If you have a diversified vegetable and/or berry operation, row covers can be a cost effective and convenient tool for producing early, high quality crops. Edges are usually held down with soil, soil-filled bags, boards, smooth saplings or tree limbs or rocks. Row covers provide sufficient growth enhancement by raising air temperatures during the day and moderating cold temperatures at night. They also allow light and water to penetrate to the crop. The result is earlier harvests, and in some cases, higher total yields. While lightweight row covers do not provide reliable frost protection, they may be helpful when temperatures drop 2-3ºF below freezing. Heavyweight covers can provide more frost protection, but they block much of the sunlight, resulting in slower growth. A key benefit of row covers is that, if they are sealed along the edges, they exclude a wide range of insect pests that can damage crops.

Which types to use? There are several different weights, measured in ounces per square yard, ounces per square feet, or grams per square meter. Materials that are 0.5-0.6 oz/yd2 provide growth enhancement and insect control, have high light transmission (85-90%), and are less expensive than heavier materials, but are more likely to rip from wind and sharp objects (fingernails, boots, deer hooves, stakes, etc.). One can expect 2 seasons with careful handling. A row cover that is 0.9-1.25 oz/yd2 is heavy enough to be more tear resistant and last several seasons, has somewhat lower light transmission (70%), and provides growth enhancement and some frost protection in spring and fall. The heaviest covers are 1.25-2 oz/yd2, have lower light transmission (30-40%), are used mainly for frost protection or for overwintering, and are durable enough to last for several seasons when handled with care. Non-heating row covers are useful when an insect barrier is needed during the hot part of the season.

Support and fastening. Many crops can handle floating covers without any support, including lettuce, greens, crucifers, onions, potatoes, strawberries, sweet corn. Those with tender, exposed growing points (tomatoes, peppers, and vine crops) should have some support to prevent damage from wind abrasion. Wire hoops or short stakes with a smooth top to prevent tearing placed at 3- to 6-foot intervals provide good support. Secure the edges of the cover with soil, with soil-filled plastic bags, or with metal or plastic pins or staples. For holding the cover in place, soil is the most secure in high winds, but the edges are difficult to unearth after repeated wetting and drying, while soil bags make it easier to lift or move covers and prolong the life of the material.

Widths. Row covers can be purchased in widths ranging 3-60 feet and in lengths 20-2,550 feet. Wider covers are more labor efficient because they have less edge to bury per covered area - but don't try to lay them in a strong wind!

Weed control. Watch for weed growth under the cover because they provide a good environment for weeds too. Covers can be rolled to the edge of the bed for cultivation or herbicide application, and then replaced.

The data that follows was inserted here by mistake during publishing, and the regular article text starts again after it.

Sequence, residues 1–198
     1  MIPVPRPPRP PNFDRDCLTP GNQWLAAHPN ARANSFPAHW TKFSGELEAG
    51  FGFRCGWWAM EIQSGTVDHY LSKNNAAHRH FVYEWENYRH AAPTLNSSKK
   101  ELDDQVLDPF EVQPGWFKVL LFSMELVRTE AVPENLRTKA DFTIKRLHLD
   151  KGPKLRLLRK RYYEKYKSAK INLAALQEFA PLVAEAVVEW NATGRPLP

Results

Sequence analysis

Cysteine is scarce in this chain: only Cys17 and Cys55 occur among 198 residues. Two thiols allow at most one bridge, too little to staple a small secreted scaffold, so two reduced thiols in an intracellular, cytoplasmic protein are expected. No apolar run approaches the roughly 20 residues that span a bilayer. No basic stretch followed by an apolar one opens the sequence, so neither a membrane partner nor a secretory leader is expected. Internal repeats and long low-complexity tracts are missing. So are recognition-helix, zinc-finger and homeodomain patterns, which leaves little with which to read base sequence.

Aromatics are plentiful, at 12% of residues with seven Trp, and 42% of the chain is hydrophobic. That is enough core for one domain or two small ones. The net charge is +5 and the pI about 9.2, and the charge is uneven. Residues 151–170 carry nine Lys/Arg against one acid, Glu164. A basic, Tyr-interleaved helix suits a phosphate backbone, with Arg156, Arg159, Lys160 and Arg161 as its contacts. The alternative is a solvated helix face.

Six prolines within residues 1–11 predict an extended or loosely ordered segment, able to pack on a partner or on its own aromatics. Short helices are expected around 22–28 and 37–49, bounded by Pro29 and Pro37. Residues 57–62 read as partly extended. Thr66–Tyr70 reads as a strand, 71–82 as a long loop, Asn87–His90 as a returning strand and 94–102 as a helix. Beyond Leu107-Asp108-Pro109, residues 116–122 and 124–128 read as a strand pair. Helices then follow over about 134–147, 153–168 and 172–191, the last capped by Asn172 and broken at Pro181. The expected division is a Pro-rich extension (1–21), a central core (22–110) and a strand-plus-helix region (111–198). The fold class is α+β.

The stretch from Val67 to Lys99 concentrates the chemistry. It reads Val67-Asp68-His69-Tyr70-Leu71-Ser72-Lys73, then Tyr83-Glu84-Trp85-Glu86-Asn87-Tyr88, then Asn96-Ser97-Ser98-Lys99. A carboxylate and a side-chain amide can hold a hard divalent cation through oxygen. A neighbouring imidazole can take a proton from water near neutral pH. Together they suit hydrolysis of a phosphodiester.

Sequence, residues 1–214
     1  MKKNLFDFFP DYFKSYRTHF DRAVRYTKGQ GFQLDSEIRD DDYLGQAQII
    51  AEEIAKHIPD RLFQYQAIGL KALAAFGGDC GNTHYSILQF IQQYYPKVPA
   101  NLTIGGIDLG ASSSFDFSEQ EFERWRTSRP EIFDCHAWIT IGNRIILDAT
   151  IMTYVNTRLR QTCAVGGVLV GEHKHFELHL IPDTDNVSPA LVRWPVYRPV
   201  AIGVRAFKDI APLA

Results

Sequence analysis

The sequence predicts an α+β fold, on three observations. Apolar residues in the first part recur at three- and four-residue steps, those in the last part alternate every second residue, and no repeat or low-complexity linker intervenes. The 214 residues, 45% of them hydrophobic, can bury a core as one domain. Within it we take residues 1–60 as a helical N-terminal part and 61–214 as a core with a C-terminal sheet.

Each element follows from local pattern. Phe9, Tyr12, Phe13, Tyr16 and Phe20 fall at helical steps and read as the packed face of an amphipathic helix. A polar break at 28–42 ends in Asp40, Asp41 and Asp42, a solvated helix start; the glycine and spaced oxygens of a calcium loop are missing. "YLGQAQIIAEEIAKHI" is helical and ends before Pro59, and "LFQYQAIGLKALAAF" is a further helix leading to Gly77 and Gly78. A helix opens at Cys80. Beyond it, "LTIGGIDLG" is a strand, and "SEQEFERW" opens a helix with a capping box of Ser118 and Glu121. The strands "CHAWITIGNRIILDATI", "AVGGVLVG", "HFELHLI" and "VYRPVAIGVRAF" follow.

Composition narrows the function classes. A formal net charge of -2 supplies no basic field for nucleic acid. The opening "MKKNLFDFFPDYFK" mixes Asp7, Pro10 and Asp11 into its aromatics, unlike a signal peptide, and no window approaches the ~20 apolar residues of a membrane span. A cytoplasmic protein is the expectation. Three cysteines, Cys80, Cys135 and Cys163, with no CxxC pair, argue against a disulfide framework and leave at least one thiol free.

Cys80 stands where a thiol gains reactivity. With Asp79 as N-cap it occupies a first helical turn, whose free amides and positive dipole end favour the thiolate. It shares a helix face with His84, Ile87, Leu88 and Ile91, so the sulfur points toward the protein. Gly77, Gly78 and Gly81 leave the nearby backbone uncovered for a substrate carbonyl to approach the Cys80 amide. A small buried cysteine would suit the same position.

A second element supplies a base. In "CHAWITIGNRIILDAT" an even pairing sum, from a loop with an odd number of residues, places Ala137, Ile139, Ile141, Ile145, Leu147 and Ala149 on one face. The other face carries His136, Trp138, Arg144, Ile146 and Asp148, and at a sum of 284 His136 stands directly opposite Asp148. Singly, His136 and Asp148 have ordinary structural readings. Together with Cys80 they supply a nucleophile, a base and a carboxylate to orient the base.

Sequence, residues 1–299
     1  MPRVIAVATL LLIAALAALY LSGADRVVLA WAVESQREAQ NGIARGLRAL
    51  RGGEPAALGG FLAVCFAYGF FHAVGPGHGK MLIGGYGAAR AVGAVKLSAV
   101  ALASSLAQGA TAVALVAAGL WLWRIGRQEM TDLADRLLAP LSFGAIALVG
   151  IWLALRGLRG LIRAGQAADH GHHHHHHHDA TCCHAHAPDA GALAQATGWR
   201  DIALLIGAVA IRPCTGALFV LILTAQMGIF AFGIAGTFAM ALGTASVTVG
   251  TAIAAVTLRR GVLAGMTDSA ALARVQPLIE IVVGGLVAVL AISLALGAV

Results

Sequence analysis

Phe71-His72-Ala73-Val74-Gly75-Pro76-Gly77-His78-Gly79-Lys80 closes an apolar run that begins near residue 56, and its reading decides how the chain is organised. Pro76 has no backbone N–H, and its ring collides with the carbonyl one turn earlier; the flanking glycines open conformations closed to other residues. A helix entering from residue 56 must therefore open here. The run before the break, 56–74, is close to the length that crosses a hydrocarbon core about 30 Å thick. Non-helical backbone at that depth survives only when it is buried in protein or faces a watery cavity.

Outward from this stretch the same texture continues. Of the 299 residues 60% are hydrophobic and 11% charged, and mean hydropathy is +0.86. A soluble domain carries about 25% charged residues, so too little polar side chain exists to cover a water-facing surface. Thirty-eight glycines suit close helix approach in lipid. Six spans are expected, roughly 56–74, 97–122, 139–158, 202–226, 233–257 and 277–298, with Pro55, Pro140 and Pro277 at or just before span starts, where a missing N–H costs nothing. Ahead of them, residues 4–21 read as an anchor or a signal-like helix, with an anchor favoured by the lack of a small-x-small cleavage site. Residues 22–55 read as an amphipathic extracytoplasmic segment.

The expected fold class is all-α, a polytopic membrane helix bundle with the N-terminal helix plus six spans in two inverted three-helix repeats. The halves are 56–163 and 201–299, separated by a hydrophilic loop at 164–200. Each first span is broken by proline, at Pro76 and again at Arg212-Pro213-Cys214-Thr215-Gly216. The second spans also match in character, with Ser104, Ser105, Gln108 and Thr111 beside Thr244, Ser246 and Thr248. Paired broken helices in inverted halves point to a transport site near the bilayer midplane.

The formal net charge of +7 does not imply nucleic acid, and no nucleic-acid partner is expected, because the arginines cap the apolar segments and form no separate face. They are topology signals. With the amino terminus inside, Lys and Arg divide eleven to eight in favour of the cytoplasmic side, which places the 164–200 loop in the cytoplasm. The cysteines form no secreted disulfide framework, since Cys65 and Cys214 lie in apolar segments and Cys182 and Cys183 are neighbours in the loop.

Storage. Row covers should be stored away from direct sunlight as soon as they are removed from the field. While many have been treated to reduce UV degradation, they will last longer if unnecessary UV exposure is prevented. Fold or roll covers in a systematic way so they can be carefully unfolded for next year's use. 

Insect control. Some insects overwinter in the soil where the crop was grown, and emerge in the next spring. In such cases, only use row covers on rotated fields. Also, seal the edges of the cover immediately after installation. If the cover is removed for cultivation, it should be done when insects are less active, such as on a cloudy day or in the morning.

Insects That Can be controlled by Row Covers

Cabbage root maggot fly. This pest is a concern in spring or fall crucifer crops. Pupae overwinter in the soil wherever they fed on fall brassicas. First generation adults fly from April to May and lay eggs at the base of the crop stems. Maggots feed on roots and kill early cole crop seedlings. Immediately after planting, place spunbonded row covers in the field and seal the edges to keep cabbage maggots out. It is important to rotate crops as pupae can overwinter in the soil and flies may emerge under the row covers and damage the crop. 

Flea beetles. There are many different species of flea beetles, each with a specific host crop. Because they typically spend the winter as adults around field edges, they can be effectively excluded by row covers if covers are in place soon after planting. Crucifer and striped flea beetles are tiny, black or striped beetles which cause shot-hole feeding patterns on any of the cabbage family crops. Covers can be used with spring or fall transplants, or all summer on direct-seeded crops, but are too hot for transplants in midsummer. Potato flea beetle causes similar damage to eggplant, tomato, and potato. Corn flea beetles cause feeding damage but are primarily a concern because they vector Steward's wilt. Excluding beetles with row covers prevents infection of young corn plants.

Spinach leafminer and Beet leafminer. These are pests of spring spinach, beets, and chard. The adult black fly emerges from overwintering sites in the soil and lays small eggs in the underside of leaves. Maggots tunnel inside the leaf, making unsightly pathways that render greens unmarketable. Row covers prevent flies from laying eggs on the leaves.

Striped cucumber beetle. This is a pest of cucumber, melons, summer squash, winter squash, and pumpkins. Row covers prevent feeding damage and transmission of bacterial wilt vectored by the beetle. Remove when flowers appear to allow for pollination by bees.

European corn borer. Adults emerge in late May or early June and lay eggs on corn. If row cover is left on into mid- to late June, after flight is peaked, it provides excellent protection to corn. If removed just as flight starts (e.g., first week in June) the larger, healthy corn that was covered may be just as infested as corn that was never covered. Row covers can be left on until tassel if enough slack is left for 3 to 4 feet of stalk growth.

Colorado potato beetle. This insect moves into potatoes and eggplant in late May and early June. Row covers should be removed before tuber initiation, which usually coincides with flowering, to prevent excessive heat.

Potato leafhoppers (PLH). Adults migrate from southern states where they overwinter. Adults usually arrive, reproduce and damage beans, potatoes and sometimes eggplants in June and July, but may last until September. Feeding causes a symptom known as hopper burn, where tips and edges of leaves begin to yellow, curl and die back. Adults and nymphs hide on the underside of leaves. Row covers can be used on beans from emergence until bud stage or the start of bloom. If removed for bloom, damage can be avoided and yields maintained. Lightweight row covers can also be used on potatoes to exclude PLH, flea beetles and Colorado potato beetles.